After talking about mental health, Fox & Friends hosts link mass shootings to video games and a lack of religion

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Citation From the August 5 edition of Fox News' Fox & Friends

PETE HEGSETH (GUEST CO-HOST): You talk about the signs or mental illness. Part of what we've learned is that the shooter who opened fire outside that bar in Dayton was known inside the school where he went for creating or having crafted a hit list against girls in his school. And some of the people he went to school with have reported there were fears that our school might be the kind of place he shoots up. So, when you look at these incidents as completely tragic, you can also look back and it's always 20/20 in hindsight. But what did people know and when could they have said something? In this case it appears he had shown the signs of mental illness quite early.

STEVE DOOCY (CO-HOST): Right. Exactly right. And that suggestion that the [president] -- where we just saw the president and he talked about mental health -- you got to figure that he is going to address that later today from the White House. But, you know, once again, it's like there were these warning signs that something was just wrong with that guy. The guy from Ohio, who wrote out the hit list and then also had a rape list as well.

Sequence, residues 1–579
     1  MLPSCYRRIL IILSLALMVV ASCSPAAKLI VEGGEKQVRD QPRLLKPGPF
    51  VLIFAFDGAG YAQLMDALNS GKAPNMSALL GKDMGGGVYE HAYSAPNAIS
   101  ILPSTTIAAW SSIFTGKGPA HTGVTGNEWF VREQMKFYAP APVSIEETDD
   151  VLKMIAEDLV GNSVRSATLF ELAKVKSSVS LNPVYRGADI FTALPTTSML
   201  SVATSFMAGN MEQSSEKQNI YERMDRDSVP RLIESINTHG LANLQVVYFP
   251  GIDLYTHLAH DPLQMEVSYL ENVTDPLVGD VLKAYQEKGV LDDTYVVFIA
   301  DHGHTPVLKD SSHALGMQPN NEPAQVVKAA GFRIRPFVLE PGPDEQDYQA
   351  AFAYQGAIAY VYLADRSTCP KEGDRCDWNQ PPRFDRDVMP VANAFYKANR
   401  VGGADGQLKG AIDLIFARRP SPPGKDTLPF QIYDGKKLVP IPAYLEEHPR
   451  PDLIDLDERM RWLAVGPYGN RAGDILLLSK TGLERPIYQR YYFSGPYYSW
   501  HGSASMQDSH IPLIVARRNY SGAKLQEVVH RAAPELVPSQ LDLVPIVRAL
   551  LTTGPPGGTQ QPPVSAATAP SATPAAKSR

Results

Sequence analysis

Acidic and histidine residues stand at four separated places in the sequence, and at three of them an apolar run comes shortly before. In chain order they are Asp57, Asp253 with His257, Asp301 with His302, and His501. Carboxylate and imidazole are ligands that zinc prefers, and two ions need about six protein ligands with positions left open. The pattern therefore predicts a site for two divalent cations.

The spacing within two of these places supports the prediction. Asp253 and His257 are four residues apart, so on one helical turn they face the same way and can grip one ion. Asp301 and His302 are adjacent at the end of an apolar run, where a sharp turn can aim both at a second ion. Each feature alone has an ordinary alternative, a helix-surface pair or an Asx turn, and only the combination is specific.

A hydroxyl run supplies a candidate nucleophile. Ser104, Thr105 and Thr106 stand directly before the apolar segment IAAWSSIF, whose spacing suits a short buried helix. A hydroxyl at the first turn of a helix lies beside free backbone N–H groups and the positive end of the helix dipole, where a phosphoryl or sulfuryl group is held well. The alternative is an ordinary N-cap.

AINSLEY EARHARDT (CO-HOST): Yes, of the girls.

DOOCY: Suspended from high school.

EARHARDT: Wrote it on the bathroom wall, apparently, and then the school had to go in lock down. The principal was interviewed and said, "All I will say [is] I will not deny that that didn't happen." And one of the kids that he went to school with said he glorified violence. He was an unpleasant person. He was not bullied, he said don't listen to those remarks, he was not bullied. The kid also wrote, on this suspect in Dayton, he wrote on his Twitter feed, "I'm going to hell and I'm not coming back." And he praised Satan.

DOOCY: Yeah.

HEGSETH: You add those impulses with video games, as we had the lieutenant governor of Texas on Fox & Friends yesterday, first shooter games would desensitize folks to the violence. Having been there in violent scenarios, when you understand the carnage and cost of human live, but when you see it through a screen and you don't relate to it in person, it makes it seem like it's more accessible. That, plus any number of other factors.

EARHARDT: There's so many factors. It could be the video games, it could be just not, I mean, maybe not -- I believe you grow up --

HEGSETH: Parenting.

EARHARDT: Parenting, you grow up, you go to church on Sundays. That teaches you, you know, to have fear of God and to have good morals. I mean, there's so many different factors, you don't know. I mean, maybe a child's born with something -- mental illness.


DOOCY: It does come back to that a lot.